COLLEGE STATION, TEXAS — Changes are coming to College Station drivers and it could affect you if you are someone who uses the phone while driving.
By the end of the week, you should expect to see nearly 30 signs displaying the new 'hands-free' ordinance throughout College Station.
The goal of the ordinance is to decrease crashes, injuries and deaths on the roadways.
The National Highway Safety Administration estimates 9 percents of all drivers are using their phone at any given time and 4 of 5 crashes are caused by a driver's lack of attention to the road.
"They can be violent. They can cause injuries. They can cause deaths. Anything that we can do to reduce any form of distracted driving is good and should be encouraged and we ask to be safe, just drive," College Station Police Department's Tristen Lopez said, in regard to vehicle crashes.
Officer Lopez says the new ordinance is similar to the last one introduced in 2017 with the main focus being, you cannot have a cell phone in your hands while you are driving, but he says there are a few specific exceptions.
"That's if you are at a complete stop, the car is not moving like you are at a stop light or red light, we just ask that in that case, you pay attention so when the light changes you move and you are not obstructing traffic and if its an emergency and you need to call emergency services and there's an exception if you are changing music and that is required by state law," Officer Lopez said.
City Council passed this ordinance in February earlier this year, but due to the pandemic and the uncertainty of funds at the time, the project was on hold.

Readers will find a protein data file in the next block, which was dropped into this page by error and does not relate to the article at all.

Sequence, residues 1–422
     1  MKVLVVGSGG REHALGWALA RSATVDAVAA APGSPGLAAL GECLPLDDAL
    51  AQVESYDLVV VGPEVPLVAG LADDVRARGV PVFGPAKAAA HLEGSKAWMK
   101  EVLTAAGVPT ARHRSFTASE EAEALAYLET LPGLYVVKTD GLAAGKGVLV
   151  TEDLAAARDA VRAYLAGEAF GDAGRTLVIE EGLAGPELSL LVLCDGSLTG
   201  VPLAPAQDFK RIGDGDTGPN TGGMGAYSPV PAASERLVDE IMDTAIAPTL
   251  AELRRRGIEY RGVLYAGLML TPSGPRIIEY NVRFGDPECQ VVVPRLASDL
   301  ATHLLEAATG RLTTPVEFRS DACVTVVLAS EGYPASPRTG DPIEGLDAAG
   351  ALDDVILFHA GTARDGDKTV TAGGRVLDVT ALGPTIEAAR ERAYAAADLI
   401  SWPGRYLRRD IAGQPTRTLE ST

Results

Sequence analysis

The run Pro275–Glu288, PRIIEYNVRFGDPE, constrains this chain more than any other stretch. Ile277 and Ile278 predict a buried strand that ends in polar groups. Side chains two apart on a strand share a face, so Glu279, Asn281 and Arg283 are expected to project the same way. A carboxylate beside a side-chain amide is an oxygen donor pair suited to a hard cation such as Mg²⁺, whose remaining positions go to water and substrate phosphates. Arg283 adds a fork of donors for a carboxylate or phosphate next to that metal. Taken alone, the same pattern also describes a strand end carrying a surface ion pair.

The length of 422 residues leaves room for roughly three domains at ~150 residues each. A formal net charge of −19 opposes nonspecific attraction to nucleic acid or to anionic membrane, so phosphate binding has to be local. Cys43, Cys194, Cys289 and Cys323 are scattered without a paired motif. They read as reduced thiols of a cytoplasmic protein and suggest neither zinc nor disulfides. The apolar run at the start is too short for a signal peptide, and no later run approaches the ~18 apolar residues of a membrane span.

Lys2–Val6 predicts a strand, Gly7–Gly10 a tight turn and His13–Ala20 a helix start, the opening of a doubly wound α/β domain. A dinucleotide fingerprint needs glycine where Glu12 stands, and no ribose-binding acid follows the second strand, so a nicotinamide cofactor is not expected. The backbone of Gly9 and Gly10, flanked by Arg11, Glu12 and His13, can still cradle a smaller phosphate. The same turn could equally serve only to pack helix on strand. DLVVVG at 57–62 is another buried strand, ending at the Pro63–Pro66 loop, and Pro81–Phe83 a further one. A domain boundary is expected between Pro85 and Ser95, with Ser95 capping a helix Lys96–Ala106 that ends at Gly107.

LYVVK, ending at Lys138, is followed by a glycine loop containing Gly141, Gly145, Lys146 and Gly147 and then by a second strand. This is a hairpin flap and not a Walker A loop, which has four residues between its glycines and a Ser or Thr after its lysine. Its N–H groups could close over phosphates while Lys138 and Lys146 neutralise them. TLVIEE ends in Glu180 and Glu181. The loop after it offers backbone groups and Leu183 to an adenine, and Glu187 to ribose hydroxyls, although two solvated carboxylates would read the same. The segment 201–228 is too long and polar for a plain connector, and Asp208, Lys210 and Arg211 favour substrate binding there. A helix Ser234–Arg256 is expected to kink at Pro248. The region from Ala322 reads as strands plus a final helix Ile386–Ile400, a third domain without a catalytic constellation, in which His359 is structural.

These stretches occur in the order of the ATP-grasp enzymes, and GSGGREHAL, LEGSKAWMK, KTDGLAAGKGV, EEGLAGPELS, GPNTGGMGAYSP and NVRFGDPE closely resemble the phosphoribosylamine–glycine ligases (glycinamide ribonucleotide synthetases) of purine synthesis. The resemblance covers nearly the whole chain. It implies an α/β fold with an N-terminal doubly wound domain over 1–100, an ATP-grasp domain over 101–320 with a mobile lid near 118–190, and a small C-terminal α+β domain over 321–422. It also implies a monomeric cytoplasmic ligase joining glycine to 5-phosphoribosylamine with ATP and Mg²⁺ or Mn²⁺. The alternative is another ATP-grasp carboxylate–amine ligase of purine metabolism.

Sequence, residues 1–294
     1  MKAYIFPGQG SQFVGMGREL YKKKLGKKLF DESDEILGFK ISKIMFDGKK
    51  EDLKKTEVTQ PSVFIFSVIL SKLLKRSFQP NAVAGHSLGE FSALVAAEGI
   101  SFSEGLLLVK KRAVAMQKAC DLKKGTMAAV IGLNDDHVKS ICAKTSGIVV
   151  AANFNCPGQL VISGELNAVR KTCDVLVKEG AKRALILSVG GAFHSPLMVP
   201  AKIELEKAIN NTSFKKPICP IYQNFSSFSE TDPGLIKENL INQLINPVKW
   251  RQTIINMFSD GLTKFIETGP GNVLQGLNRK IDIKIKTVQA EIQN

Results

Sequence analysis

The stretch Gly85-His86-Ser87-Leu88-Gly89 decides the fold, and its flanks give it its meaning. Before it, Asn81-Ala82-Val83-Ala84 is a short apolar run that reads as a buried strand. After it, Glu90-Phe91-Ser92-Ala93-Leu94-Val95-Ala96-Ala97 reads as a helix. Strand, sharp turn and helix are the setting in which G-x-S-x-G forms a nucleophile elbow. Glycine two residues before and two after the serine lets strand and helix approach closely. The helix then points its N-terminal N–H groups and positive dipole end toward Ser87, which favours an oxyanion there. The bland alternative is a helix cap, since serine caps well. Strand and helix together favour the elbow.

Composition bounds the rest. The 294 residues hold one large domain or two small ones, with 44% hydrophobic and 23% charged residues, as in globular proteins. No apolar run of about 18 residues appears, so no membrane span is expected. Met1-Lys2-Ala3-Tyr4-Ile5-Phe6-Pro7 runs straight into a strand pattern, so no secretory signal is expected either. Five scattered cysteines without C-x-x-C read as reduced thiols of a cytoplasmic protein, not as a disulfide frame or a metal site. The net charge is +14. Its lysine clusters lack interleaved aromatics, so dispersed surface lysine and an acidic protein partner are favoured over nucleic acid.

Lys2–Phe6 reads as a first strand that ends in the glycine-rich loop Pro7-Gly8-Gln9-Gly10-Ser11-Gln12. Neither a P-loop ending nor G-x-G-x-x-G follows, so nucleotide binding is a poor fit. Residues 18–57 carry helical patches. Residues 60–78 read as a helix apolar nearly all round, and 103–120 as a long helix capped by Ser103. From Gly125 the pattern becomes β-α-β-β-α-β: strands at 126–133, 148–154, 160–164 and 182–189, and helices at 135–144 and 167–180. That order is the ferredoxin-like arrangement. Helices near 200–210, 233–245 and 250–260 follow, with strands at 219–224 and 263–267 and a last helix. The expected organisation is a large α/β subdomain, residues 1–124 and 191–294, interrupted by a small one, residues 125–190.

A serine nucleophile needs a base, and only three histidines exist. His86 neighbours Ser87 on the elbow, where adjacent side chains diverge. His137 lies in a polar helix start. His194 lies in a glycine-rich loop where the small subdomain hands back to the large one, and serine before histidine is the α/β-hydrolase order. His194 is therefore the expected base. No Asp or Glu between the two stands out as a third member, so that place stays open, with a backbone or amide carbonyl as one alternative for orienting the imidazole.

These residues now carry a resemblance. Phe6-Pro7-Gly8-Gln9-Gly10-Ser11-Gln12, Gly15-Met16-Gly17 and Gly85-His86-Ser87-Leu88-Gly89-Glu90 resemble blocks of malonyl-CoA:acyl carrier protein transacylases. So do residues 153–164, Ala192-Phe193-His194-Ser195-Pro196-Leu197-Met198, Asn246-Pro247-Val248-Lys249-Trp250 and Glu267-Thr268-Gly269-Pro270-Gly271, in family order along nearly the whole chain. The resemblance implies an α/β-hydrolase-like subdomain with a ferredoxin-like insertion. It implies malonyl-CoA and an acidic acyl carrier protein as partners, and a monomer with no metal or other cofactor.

The signs are now being placed around the major roads that serve as a gateway to the city.
"Even if you are talking on the phone with a hands-free device, it still causes what's called attention blindness where it takes the attention from driving your car and places it on something else," Officer Lopez added.
Officer Lopez says distractions are what contribute to collisions and crashes. Driving distracted is also an opportunity where you could miss a pedestrian, a child or bicyclist.
"When you are texting and driving you are not even looking at all...so I think it takes a longer time to look up," Olivia Kisgen, a Texas A&M student said, in relation to reaction times of those texting and driving.
A few TAMU students say an ordinance with a penalty may not eliminate texting and driving entirely, but a fine is enough to make someone think twice.
"Incentives change behavior and so I see something like money or a fine will basically provide that incentive. Our phones are just designed now a days to always want our attention and that is not good when we are driving," Emi Sanchez, an A&M student said.
"So an incentive to have to pay money if you are on your phone...that would make people be more conscious when driving," Arkadia Berdich, another A&M student said.
According to the Texas Department of Transportation, in 2019, the total number of crashes on Texas roads were 561,582 and of those 97,853 or 17.4 percent involved distracted driving. Those distracted driving crashes in Texas resulted in 378 deaths.
Officer Lopez says distracted driving is deadly driving and he wants your main focus to be on the road.
CSPD says once all of the signs are installed, they will begin their enforcement.
The department is offering a 30-day educational grace period and will give a warning, but after the grace period, citations may occur.